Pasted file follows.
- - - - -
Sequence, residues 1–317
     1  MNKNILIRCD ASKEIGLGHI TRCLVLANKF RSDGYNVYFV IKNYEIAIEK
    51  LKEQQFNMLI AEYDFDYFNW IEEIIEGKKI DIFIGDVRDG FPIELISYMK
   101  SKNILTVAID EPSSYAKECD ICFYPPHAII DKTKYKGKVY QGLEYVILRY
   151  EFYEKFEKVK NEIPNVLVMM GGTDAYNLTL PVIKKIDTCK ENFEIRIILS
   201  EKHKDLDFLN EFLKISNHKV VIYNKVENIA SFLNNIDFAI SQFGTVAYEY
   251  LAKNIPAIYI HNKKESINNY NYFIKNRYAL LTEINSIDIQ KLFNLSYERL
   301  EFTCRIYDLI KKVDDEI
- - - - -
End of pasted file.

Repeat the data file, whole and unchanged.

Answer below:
Sequence, residues 1–317
     1  MNKNILIRCD ASKEIGLGHI TRCLVLANKF RSDGYNVYFV IKNYEIAIEK
    51  LKEQQFNMLI AEYDFDYFNW IEEIIEGKKI DIFIGDVRDG FPIELISYMK
   101  SKNILTVAID EPSSYAKECD ICFYPPHAII DKTKYKGKVY QGLEYVILRY
   151  EFYEKFEKVK NEIPNVLVMM GGTDAYNLTL PVIKKIDTCK ENFEIRIILS
   201  EKHKDLDFLN EFLKISNHKV VIYNKVENIA SFLNNIDFAI SQFGTVAYEY
   251  LAKNIPAIYI HNKKESINNY NYFIKNRYAL LTEINSIDIQ KLFNLSYERL
   301  EFTCRIYDLI KKVDDEI